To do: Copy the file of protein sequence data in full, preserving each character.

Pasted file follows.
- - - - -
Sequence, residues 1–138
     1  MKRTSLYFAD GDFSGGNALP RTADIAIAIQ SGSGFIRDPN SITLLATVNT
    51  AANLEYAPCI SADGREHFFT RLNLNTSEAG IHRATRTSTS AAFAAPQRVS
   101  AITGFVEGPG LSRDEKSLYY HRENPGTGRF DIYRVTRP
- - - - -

Sequence, residues 1–138
     1  MKRTSLYFAD GDFSGGNALP RTADIAIAIQ SGSGFIRDPN SITLLATVNT
    51  AANLEYAPCI SADGREHFFT RLNLNTSEAG IHRATRTSTS AAFAAPQRVS
   101  AITGFVEGPG LSRDEKSLYY HRENPGTGRF DIYRVTRP